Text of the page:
• A new specialized method for indexing high-dimensional data was applied to mesh data using bitmaps and achieved more than a tenfold speedup in generating regions and tracking them over time. The figure on the right shows the regions identified by their assigned numbers for a combustion application. The regions are tracked over time using the bitmaps to efficiently generate a movie of flame front progression. The key to this achievement is that this method works just as efficiently for selection conditions over multiple measures, a problem previously unsolved with any known indexing techniques. This bitmap- based indexing method was also applied to find collisions (events) of interest in high energy physics applications, and is currently used in the STAR experiment at BNL. This capability reduced the amount of data scientists have to sift through, reducing search times from weeks to hours.
• A new software module called Storage Resource Manager (SRM) has been used to provide wide-area access to the HPSS mass storage system. This enables scientific programs to remotely stream files from HPSS into the program’s disk space without explicitly requesting them, greatly simplifying the scientist’s task when using very large datasets. SRMs are also used in high energy physics and climate applications to move data robustly from data-generating sites to data-consuming sites. This task of moving terabytes reliably was prone to error and required constant monitoring and recovery from errors. The SRM technology now automates both the transfer and the recovery from transient errors, saving the scientist many hours of wasted time.
“The bottom line is that it is over 100 times faster than what I was doing before,” said Michael Wehner, a climate researcher at LBNL and SRM “power user.” “More importantly. I can see a path that will essentially reduce my own time spent on file transfers to zero in the development of the climate model database.”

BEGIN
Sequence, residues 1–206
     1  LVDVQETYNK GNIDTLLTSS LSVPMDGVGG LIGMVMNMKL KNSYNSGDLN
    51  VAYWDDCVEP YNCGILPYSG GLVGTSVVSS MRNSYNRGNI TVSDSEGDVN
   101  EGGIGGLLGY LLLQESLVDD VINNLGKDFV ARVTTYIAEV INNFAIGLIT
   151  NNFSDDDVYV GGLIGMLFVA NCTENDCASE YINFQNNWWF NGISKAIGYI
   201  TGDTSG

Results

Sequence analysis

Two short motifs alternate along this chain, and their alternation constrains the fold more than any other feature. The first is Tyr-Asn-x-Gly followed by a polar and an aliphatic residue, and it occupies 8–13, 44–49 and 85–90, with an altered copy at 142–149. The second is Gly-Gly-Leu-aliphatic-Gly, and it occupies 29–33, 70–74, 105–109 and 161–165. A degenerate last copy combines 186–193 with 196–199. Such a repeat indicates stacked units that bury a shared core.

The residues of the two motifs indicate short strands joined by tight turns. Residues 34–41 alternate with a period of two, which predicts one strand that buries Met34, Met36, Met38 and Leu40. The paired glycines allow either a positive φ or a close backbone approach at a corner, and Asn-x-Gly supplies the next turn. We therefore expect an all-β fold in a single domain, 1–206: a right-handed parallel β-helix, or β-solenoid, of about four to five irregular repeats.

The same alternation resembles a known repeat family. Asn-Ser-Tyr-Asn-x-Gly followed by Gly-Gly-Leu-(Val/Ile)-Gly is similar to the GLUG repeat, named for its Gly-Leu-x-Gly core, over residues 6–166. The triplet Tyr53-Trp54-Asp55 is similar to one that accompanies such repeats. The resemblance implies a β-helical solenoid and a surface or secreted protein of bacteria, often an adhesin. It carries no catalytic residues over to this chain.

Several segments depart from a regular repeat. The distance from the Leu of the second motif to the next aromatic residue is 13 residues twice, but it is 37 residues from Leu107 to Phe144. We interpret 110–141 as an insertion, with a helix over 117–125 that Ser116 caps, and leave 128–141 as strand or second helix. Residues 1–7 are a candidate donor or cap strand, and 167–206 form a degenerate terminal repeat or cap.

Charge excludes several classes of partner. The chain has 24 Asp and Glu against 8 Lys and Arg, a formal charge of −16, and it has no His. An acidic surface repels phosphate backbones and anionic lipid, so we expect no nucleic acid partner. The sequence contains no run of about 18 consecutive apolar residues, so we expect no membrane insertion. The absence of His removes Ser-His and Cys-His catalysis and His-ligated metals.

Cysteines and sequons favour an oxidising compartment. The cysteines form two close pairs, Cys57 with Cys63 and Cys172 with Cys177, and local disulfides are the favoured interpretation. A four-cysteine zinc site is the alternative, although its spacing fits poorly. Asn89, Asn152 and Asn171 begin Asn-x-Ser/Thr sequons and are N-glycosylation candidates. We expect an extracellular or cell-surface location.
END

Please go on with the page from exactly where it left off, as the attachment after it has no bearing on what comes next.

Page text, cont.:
For further information contact Arie Shoshani at email@example.com.
About Computing Sciences at Berkeley Lab
The Lawrence Berkeley National Laboratory (Berkeley Lab) Computing Sciences organization provides the computing and networking resources and expertise critical to advancing the Department of Energy's research missions: developing new energy sources, improving energy efficiency, developing new materials and increasing our understanding of ourselves, our world and our universe.
ESnet, the Energy Sciences Network, provides the high-bandwidth, reliable connections that link scientists at 40 DOE research sites to each other and to experimental facilities and supercomputing centers around the country. The National Energy Research Scientific Computing Center (NERSC) powers the discoveries of 6,000 scientists at national laboratories and universities, including those at Berkeley Lab's Computational Research Division (CRD). CRD conducts research and development in mathematical modeling and simulation, algorithm design, data storage, management and analysis, computer system architecture and high-performance software implementation. NERSC and ESnet are DOE Office of Science User Facilities.
Lawrence Berkeley National Laboratory addresses the world's most urgent scientific challenges by advancing sustainable energy, protecting human health, creating new materials, and revealing the origin and fate of the universe. Founded in 1931, Berkeley Lab's scientific expertise has been recognized with 13 Nobel prizes. The University of California manages Berkeley Lab for the DOE’s Office of Science.
DOE’s Office of Science is the single largest supporter of basic research in the physical sciences in the United States, and is working to address some of the most pressing challenges of our time. For more information, please visit science.energy.gov.